12 Differential Gene Expression
Each cell of a multicellular eukaryote Expresses only a fraction of its genes In each type of differentiated cell A unique subset of genes is expressed

13 Many key stages of gene expression
Can be regulated in eukaryotic cells Figure 19.3 Signal NUCLEUS Chromatin Chromatin modification: DNA unpacking involving histone acetylation and DNA demethlation Gene DNA Gene available for transcription RNA Exon Transcription Primary transcript RNA processing Transport to cytoplasm Intron Cap mRNA in nucleus Tail CYTOPLASM mRNA in cytoplasm Degradation of mRNA Translation Polypetide Cleavage Chemical modification Transport to cellular destination Active protein Degradation of protein Degraded protein

14 Regulation of Chromatin Structure
Genes within highly packed heterochromatin Are usually not expressed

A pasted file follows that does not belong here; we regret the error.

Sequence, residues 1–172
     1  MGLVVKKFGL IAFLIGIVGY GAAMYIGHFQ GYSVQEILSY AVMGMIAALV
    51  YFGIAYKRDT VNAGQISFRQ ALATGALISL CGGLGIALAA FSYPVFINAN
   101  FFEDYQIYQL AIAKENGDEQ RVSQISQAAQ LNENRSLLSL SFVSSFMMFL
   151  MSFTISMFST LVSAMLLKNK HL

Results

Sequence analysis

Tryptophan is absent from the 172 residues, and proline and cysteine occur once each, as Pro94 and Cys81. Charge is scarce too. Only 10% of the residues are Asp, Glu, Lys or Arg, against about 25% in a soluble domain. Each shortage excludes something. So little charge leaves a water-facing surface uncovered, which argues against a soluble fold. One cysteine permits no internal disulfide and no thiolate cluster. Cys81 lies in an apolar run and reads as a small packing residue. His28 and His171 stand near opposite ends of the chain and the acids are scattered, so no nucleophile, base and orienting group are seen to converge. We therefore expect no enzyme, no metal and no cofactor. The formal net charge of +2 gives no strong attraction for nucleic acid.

15 (a) Histone tails protrude outward from a nucleosome
Histone Modification Chemical modification of histone tails Can affect the configuration of chromatin and thus gene expression Chromatin changes Transcription RNA processing mRNA degradation Translation Protein processing and degradation DNA double helix Amino acids available for chemical modification Histone tails Figure 19.4a (a) Histone tails protrude outward from a nucleosome

16 Histone acetylation Seems to loosen chromatin structure and thereby enhance transcription Figure 19.4 b (b) Acetylation of histone tails promotes loose chromatin structure that permits transcription Unacetylated histones Acetylated histones

17 DNA Methylation Addition of methyl groups to certain bases in DNA
Is associated with reduced transcription in some species

18 Epigenetic Inheritance
Is the inheritance of traits transmitted by mechanisms not directly involving the nucleotide sequence

19 Regulation of Transcription Initiation
Chromatin-modifying enzymes provide initial control of gene expression By making a region of DNA either more or less able to bind the transcription machinery

20 Organization of a Typical Eukaryotic Gene